How to Look at Art

2 Requirements for Appreciating Art:

1. Look at it objectively without prejudice

2. Know enough information about its relationship to history and culture

Fine Art: 

-Not created for external demands (unlike graphic design and advertisements, it’s internally motivated)

-Non-verbal language, looking at art is like hearing a foreign language for the first time

-Content rather than subject matter (not an one sentence “answer”)

-“That’s terrible” really means “I don’t like it” Learn to be aware of personal preference

-If you bring the wrong set of expectations to a work of art you won’t be able to “get it”

-Most people spend an average of 10 seconds looking at a work of art. It’s going to take longer than that to “get it”

How to Look at Art:

-Describe it objectively without interpretation (a skill that needs to be practiced)

-Make subjective connections (this makes me think of_______)

-Analyze the content of the work

-Interpret and judge

Visual Vocabulary:

-Artists communicate in a different language they learn through making art

-Line, shape, space, value, color, texture, etc.

-Artists make a series of decisions based on their knowledge of their visual vocabulary

Reproductions:

-If it’s in a book or on a screen it’s not actually the work of art

-Pictures can’t communicate scale or subtleties

“Art may not ‘mean’ anything in the literal sense, but like the atmosphere preceding a storm, it puts us into a frame of mind for pondering the timeless questions of existences and meaning.”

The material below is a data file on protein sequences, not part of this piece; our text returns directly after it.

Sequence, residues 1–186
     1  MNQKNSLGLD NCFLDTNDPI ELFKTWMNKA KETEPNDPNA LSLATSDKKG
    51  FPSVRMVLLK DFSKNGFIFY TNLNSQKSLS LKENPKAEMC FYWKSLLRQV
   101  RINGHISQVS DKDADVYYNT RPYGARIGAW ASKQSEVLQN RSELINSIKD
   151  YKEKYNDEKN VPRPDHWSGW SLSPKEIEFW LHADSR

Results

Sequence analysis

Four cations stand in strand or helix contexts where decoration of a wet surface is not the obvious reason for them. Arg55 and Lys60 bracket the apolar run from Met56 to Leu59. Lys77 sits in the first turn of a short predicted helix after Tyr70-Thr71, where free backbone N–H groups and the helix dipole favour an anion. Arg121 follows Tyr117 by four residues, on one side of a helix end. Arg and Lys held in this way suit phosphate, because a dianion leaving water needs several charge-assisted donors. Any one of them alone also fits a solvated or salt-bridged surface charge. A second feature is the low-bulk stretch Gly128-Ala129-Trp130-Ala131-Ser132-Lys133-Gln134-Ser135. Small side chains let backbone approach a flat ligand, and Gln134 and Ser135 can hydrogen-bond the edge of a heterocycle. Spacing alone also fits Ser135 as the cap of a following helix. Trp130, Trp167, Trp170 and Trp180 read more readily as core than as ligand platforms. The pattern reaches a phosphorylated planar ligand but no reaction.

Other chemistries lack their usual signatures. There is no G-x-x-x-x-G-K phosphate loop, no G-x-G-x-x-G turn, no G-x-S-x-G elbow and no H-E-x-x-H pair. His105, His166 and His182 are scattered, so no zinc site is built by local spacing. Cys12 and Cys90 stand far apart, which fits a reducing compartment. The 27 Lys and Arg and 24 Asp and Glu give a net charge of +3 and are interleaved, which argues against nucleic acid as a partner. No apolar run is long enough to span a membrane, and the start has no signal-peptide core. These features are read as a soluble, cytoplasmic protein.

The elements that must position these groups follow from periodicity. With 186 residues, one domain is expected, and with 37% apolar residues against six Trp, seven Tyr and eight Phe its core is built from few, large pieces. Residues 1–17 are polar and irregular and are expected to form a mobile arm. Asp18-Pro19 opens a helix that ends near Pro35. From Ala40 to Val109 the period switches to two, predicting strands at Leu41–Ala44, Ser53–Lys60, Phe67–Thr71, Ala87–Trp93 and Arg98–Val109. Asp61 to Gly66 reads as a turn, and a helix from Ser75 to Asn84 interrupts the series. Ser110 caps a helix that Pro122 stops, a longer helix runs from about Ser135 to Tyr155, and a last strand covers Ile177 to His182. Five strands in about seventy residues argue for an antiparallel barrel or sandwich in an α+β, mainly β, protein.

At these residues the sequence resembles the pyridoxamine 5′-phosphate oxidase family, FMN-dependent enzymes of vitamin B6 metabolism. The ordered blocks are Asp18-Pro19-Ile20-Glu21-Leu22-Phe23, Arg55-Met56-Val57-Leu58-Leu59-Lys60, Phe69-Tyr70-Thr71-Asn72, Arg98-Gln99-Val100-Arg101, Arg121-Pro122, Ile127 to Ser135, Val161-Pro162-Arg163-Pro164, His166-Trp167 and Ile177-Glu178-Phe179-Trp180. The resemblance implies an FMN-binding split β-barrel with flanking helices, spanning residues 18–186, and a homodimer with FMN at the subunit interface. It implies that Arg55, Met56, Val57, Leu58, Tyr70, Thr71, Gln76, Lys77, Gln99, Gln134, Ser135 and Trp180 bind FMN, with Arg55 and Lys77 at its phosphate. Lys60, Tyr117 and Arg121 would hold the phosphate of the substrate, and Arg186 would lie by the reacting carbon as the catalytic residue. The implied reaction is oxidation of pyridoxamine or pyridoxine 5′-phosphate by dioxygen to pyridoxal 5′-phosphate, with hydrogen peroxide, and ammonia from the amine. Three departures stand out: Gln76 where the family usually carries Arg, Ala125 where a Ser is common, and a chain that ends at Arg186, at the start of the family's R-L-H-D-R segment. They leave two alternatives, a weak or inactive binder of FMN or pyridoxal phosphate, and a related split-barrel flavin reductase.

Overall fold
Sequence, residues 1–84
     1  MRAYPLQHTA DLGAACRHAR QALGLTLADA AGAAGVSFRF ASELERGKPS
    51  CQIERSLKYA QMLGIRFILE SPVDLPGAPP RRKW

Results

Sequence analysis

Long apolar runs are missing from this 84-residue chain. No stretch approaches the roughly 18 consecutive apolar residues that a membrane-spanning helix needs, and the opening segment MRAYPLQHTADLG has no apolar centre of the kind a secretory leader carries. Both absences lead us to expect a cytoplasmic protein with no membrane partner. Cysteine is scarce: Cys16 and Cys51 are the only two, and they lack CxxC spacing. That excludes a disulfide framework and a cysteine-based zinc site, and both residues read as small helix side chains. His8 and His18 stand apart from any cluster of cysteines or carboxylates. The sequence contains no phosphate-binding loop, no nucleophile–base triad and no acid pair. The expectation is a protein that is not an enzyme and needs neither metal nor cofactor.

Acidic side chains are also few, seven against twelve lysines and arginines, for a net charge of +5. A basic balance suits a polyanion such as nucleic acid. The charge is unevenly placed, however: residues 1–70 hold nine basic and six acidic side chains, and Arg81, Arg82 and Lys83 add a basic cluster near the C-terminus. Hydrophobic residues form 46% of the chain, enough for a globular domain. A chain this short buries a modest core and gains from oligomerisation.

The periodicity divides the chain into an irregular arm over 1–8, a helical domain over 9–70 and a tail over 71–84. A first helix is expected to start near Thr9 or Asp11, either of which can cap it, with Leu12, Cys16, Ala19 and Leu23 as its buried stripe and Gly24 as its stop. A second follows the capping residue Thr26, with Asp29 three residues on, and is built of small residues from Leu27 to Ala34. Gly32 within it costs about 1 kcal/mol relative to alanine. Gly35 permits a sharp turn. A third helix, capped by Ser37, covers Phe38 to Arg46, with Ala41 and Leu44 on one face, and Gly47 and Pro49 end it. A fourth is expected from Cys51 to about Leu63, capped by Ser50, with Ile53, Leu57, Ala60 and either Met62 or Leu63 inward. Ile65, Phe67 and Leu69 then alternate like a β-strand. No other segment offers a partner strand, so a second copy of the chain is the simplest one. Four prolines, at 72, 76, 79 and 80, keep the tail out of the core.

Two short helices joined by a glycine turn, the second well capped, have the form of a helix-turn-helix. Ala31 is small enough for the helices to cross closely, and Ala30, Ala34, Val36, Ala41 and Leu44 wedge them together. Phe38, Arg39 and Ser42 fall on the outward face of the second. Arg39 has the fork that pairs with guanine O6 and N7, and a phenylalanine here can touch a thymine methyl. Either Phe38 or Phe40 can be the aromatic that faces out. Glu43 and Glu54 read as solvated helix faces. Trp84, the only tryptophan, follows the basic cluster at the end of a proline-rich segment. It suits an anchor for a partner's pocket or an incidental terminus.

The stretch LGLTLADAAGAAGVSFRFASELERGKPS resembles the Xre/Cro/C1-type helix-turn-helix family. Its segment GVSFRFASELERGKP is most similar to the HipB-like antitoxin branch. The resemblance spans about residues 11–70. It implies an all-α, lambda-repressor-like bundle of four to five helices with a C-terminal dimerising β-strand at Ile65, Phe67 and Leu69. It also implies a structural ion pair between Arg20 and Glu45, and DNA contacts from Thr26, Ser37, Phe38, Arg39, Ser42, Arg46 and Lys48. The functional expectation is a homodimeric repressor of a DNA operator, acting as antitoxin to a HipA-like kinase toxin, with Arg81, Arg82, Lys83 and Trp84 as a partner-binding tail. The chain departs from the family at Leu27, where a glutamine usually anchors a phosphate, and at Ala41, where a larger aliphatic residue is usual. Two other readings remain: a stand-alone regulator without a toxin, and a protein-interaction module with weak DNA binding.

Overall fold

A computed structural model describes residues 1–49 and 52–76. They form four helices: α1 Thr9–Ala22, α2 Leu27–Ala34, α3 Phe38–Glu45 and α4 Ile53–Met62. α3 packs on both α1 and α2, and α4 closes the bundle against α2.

The above outline is based on the book Getting It: A guide to understanding and appreciating art by Becky Hendrick.

How to critique a specific work of art:

I. Describe What You See: What are the elements of the image?

  • Start simple.
  • What are the building blocks that make up the image?
  • Take your time and absorb the experience of the work.

II. Analyze What You See: How do the various elements work together?

  • Speculate about why the artist made certain choices.
  • What are the areas of emphasis?
  • In what tradition is the artist working?
  • Is there an overall plan? What is the overall effect of the individual elements?

III. Interpret: What is the significance of what you see?

  • Examine and explain the cause of your response to the work.
  • Use adjectives and analogies to describe the sensory experience of the work.
  • Think of a theme that could explain the response prompted by the work.
  • The meaning of a work of art should be tied to elements previously analyzed.
  • Be imaginative, let your mind roam for possibilities beyond the obvious.

IV. Judge: Give thoughtful and fair judgment.

  • Start by defining the criteria/standards used in evaluating this particular work.
  • Do your normal criteria adequately match the style of the work before you?
  • Has the artist told the truth in the best way possible according to their worldview?
  • Have all the artist’s choices worked together to create a cohesive whole?

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